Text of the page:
PA: Unite Against War on Women targets women’s rights with rally at Capitol

Posted on April 28, 2012, April 28, 2012 by Sue Gleiter

Some of them pounded plastic buckets with drum sticks. Others danced to Bob Dylan’s “Blowin’ in the Wind.”

They carried homemade signs emblazoned with messages such as “Gov. Corbett Open Your Eyes. Start Packing” and “We’ve Come a Long Way Baby and We’re Not Going Back.”

Unite Against the War on Women Rally
Protestors take part Saturday in the Unite Against the War on Women Rally held on the front steps of the Capitol in Harrisburg. The event was part of marches and rallies in state capitals and major U.S. cities in defense of women’s rights. JOE HERMITT, The Patriot-News

About 300 people, a mostly female audience, gathered on the state Capitol steps for four hours today as part of a national grassroots movement called United Against the War on Women.

Similar rallies were sponsored around the country in most of the 50 states from Wisconsin, to Washington, D.C. and Los Angeles, Calif.

The rallies were held as a show of strength against recent threats to women’s rights on issues ranging from from reproductive to economic and human rights.

“We can’t sit back and take it anymore. We can’t sit back and allow them to erode our lives,” said Julia Ramsey, president of Pennsylvania NOW.

Ramsey, one of about two dozen speakers at the Harrisburg rally, encouraged women in the crowd to speak to their female friends and family and spread the message about fighting back.

“This is a war against us and it affects all of us,” she said.

Wendy Mizenko of Hanover attended the rally with a group of about 20 women from the York-Gettysburg area. She participated in the women’s movement in the 1970s.

“I’m here with all the other women for all the outrageous things happening to women. I can’t believe we are reliving this,” Mizenko said.

Those passing legislation don’t even understand it affects many parts of women’s lives from economic issues to their marriages and relationships with their children, she said.

“It’s every aspect revolving around this. You can’t take it away. It’s hurting everything,” Mizenko added.

Janina Faunce-Holzinger of Allentown came with her boyfriend, Joseph Hobbs of Allentown and her mother, Brooke Faunce of Everett and said she wanted to support the war on women.

She uses Planned Parenthood and specifically thinks women she have access to birth control and have control over reproductive rights.

“I don’t know why there has been this huge push making laws against women. It feels like a distraction from real issues like the economy,” Faunce-Holzinger said.

Organizers were hoping about 1,000 people would attend the local rally but a threat of showers and temperatures in the 40s might have had something to do with that.

The national Unite Against the War on Women was organized over Facebook in February by two women, Karen Teegarden of Michigan and Desiree Jordan of New York.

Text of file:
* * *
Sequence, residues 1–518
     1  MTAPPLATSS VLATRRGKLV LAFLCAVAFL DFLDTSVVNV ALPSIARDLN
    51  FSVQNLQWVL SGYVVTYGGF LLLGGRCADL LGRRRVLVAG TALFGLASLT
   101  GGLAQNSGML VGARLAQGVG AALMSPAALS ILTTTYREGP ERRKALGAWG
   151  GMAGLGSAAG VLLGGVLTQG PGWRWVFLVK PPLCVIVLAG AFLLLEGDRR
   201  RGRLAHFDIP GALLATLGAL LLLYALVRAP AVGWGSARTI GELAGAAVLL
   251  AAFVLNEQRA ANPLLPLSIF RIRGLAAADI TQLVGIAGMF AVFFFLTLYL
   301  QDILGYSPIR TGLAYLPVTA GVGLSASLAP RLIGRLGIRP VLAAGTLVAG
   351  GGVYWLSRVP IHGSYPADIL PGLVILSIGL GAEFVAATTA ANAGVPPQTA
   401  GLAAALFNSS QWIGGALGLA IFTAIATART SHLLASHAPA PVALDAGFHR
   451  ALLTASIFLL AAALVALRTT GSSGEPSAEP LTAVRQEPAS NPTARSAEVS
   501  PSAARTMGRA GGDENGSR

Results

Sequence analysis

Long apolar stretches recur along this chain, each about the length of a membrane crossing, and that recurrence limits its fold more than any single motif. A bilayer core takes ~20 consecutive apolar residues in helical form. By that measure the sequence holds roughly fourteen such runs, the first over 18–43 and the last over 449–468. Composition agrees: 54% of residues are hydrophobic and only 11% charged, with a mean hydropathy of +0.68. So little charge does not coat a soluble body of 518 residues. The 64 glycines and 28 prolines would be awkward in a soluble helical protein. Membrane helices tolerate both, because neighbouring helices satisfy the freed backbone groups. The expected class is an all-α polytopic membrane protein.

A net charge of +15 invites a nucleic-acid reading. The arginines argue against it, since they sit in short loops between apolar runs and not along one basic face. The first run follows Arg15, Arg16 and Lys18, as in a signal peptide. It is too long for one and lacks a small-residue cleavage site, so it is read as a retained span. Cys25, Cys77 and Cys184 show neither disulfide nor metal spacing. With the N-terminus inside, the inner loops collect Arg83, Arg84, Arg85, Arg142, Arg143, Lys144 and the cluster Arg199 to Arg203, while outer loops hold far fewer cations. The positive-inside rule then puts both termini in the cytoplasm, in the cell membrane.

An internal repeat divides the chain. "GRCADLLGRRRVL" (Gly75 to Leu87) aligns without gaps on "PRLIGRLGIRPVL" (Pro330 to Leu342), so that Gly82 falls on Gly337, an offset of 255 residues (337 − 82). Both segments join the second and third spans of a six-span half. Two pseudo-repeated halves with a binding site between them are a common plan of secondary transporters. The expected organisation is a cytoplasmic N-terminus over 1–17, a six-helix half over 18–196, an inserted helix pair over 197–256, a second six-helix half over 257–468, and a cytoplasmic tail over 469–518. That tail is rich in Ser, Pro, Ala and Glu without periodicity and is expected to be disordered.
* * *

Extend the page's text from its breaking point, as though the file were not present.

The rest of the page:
They had been discussing for more than a year how they believed legislation in this country was targeting women’s rights, everything from reproductive to voting and human rights issues. The organization has grown to more than 23,000 Facebook members representing groups in almost every state.

Rallies around the country Saturday brought out well-known women such as comedienne Sarah Silverman; actresses Susan Sarandon and Martha Plimpton; Terry O’Neill, president of the National Organization of Women; Planned Parenthood, authors, activists and legislators.

One of the speakers in Harrisburg was Kate Michelman, former president of the National Abortion Rights Action League and one-time executive director of Planned Parenthood in Harrisburg.

“This is just the beginning of your new life as activists,” she said, calling it the “silent war on women.” “It’s time for us to re-engage on all levels.”

Michelman said women have been on a long journey since they earned the right to vote through women’s suffrage but they have made progress. She suggested women in the crowd host house parties and make their voices known to their legislators.

“We are at a backlash point and we just need to get out there,” she said.

Many view the movement as largely supported by Democrats to cast the Republican as the party against women.

“Actually, it is already an election year issue. I can’t believe Republicans don’t realize they have already lost a couple of battles here,” said Maggie Abbott Fowler of Gettysburg.

She noted she was proud five Republican women in the U.S. Senate last week did vote to extend the Violence Against Women Act but she was disappointed by the Republican men who voted against it. The Senate voted 68 to 31 to pass the bill.

“Women’s rights are not partisan,” she said.

State Rep. Sue Helm, R-Susquehanna Twp., who didn’t participate in the rally, said she thinks women’s rights cross both parties.

“I think they have made too much of this honestly,” she said.

Helm said she changed her mind regarding a provision in a bill that would require women to have an ultrasound before an abortion after a remark made last month by Gov. Tom Corbett.

The governor came under fire after saying “You just have to close your eyes as long as it’s on the exterior, not interior” in regards to women viewing the ultrasounds. His spokesman said the governor’s comments were taken out of context.

“When the governor opened his mouth and said ‘Look away,” I said I think our governor is a good governor, but in this case I need to jump off of this bill,” Helm said.